“The Celts honored the opposing balance of intertwining forces of existence: darkness and light, night and day, cold and heat, death and life. The Celtic year was divided into two seasons: the light and the dark, celebrating the light at Beltane on May 1st and the dark at Samhain on November 1st. Therefore, the Feast of Samhain marks one of the two great doorways of the Celtic year. Some believe that Samhain was the more important festival, since it marked the beginning of a new dark-light cycle. The Celts observed time as proceeding from darkness to light because they understood that in dark silence comes whisperings of new beginnings, the stirring of the seed below the ground. Therefore, the Celtic year began with the season of An Geamhradh, the dark Celtic winter, and ended with Am Foghar, the Celtic harvest. The Celtic day began at dusk, the beginning of the dark and cold night, and ended the following dusk, the end of a day of light and warmth. Since dusk is the beginning of the Celtic day, Samhain begins at dusk on October 31. Samhain marks the beginning of An Geamhradh as well as the New Year. Whereas Beltane was welcomed in the summer light with joyous celebrations at dawn, the most magically potent time of Samhain was at night. Oidhche Shamhna, the Eve of Samhain, was the most important part of the celebration. Villagers gathered the best of the autumn harvest and slaughtered cattle for the feast. The focus of each village’s festivities was a great bonfire. Villagers cast the bones of the slaughtered cattle upon the flames. (Our word bonfire comes from these “bone fires.”) Personal prayers in the form of objects symbolizing the wishes of supplicants or ailments to be healed were cast into the fire. Many sacrifices and gifts were offered up in thanksgiving for the harvest. With the great bonfire roaring, the villagers extinguished all other fires. Each family then solemnly lit their hearth from the one great common flame, bonding all families of the village together. As they received the flame that marked this time of beginnings, people surely felt a sense of the kindling of new dreams, projects and hopes for the year to come.”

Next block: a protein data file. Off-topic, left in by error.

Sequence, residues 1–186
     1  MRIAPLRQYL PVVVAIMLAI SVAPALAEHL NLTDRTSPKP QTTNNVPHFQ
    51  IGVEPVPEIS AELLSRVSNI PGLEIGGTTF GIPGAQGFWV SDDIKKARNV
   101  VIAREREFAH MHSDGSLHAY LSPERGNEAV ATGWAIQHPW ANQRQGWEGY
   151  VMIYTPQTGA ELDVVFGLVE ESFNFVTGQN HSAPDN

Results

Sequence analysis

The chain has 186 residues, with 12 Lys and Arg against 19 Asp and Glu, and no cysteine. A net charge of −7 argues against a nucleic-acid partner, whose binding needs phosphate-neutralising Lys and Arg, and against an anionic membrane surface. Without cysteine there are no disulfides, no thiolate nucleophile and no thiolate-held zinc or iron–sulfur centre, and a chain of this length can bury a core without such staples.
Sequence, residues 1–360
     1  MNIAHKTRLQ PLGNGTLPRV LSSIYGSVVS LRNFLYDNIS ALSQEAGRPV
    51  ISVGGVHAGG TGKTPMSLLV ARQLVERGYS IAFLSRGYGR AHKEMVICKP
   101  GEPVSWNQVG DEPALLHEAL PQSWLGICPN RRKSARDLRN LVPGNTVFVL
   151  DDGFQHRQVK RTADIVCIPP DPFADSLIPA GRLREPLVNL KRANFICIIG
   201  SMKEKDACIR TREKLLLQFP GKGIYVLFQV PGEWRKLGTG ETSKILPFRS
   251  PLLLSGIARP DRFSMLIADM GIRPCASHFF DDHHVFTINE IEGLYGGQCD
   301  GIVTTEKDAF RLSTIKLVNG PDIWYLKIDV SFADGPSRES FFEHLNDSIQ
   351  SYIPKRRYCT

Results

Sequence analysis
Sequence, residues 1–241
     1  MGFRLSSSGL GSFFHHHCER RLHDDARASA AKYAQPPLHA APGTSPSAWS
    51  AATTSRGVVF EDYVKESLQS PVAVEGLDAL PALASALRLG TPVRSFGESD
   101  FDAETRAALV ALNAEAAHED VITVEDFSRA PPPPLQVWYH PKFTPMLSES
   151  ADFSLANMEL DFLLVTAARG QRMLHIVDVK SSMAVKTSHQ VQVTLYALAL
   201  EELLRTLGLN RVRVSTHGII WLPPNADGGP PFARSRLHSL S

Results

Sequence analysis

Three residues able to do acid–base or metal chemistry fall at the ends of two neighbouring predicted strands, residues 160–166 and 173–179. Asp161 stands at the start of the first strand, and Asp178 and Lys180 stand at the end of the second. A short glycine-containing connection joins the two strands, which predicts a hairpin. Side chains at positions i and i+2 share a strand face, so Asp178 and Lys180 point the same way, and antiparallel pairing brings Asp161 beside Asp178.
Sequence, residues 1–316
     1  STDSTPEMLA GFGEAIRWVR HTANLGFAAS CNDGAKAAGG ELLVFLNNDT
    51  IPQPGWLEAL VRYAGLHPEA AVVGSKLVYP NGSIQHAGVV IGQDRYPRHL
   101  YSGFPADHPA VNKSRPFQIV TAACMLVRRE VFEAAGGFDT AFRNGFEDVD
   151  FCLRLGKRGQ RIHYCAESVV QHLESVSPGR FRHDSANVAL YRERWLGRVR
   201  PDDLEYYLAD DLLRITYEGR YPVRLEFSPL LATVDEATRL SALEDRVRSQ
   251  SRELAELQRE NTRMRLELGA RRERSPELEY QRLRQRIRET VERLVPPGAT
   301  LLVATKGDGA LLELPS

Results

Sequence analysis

– Feast of Samhain
Saturday is a day filled with opportunities to clean up and clear out. So if you are wondering why Hecate is assigned to this day, take another look at what she symbolizes and the magick that is associated with her. That should answer the question.
Hecate was the oldest form of the Greek Triple Goddess, as she presided over heaven, the underworld, and earth. Crossroads where three roads met were especially sacred to Hecate, earning her the title of Hekate of the Three Ways. It’s interesting to note that even after the worship of other goddesses waned, ancient people still worshiped Hecate as the Queen of the Underworld and the Guardian of the Three-Way Crossroad. It was also believed that if you left her an offering of food there, she would grant you her favors. As Hecate Trivia, her triple images were often displayed at these crossroads, where she was petitioned on the full moon for positive magick and on the dark of the moon for cursing and dark magick.
While this last bit of information sounds a little ominous, keep in mind that Hecate/Hekate was known by many titles and is a shapeshifter. Her appearance could and did change often. As a dark moon goddess, her faces are many. To some she may appear as a old crone, hunched over a smoking cauldron and draped in a midnight cape. To others she may appear as a dark beautiful, mysterious, and mature woman wearing a shimmering crown. To some she may be perceived as a maiden priestess. She was called the “most lovely one,” the Great Goddess of Nature, and the Queen of the World of Spirits. This dark goddess knows her way around the earth and the underworld. All the powers of nature, life, and death are at her command.
Book of Witchery
Spells, Charms & Correspondences for Every Day of the Week
The planetary correspondence for Saturday is Saturn. Matters dealing with the public, farming, family ties, legal matters (such as wills and estates), taking care of debts, dealing with lawyers, financing, joint money matters, real estate, older people, banishing or binding negativity, and getting rid of bad habits all fall under the charge of Saturn. It’s easy to see why “Saturday’s child works hard for his living.”
Saturday’s angels are Cassiel, Machatan, Uriel, and Orifiel. Cassiel is the angel of solitudes and tears. He is one of the rulers of the planet Saturn and occasionally appears as the angel of patience. Cassiel links himself to dragon energy. Regarding Machatan, the only information we get is that he works well with Cassiel and is also a power of Saturn. Orifiel is an angel of the wilderness, a ruler of the second hour of the day, and also associated with Saturn.
On Saturday, the hour of sunrise and every eight hours after that are also ruled by Saturn, and that makes these times of the day doubly blessed. These four hours are the strongest four hours for conducting ritual. Check the local newspaper, astrological calendar, or almanac to determine your local sunrise.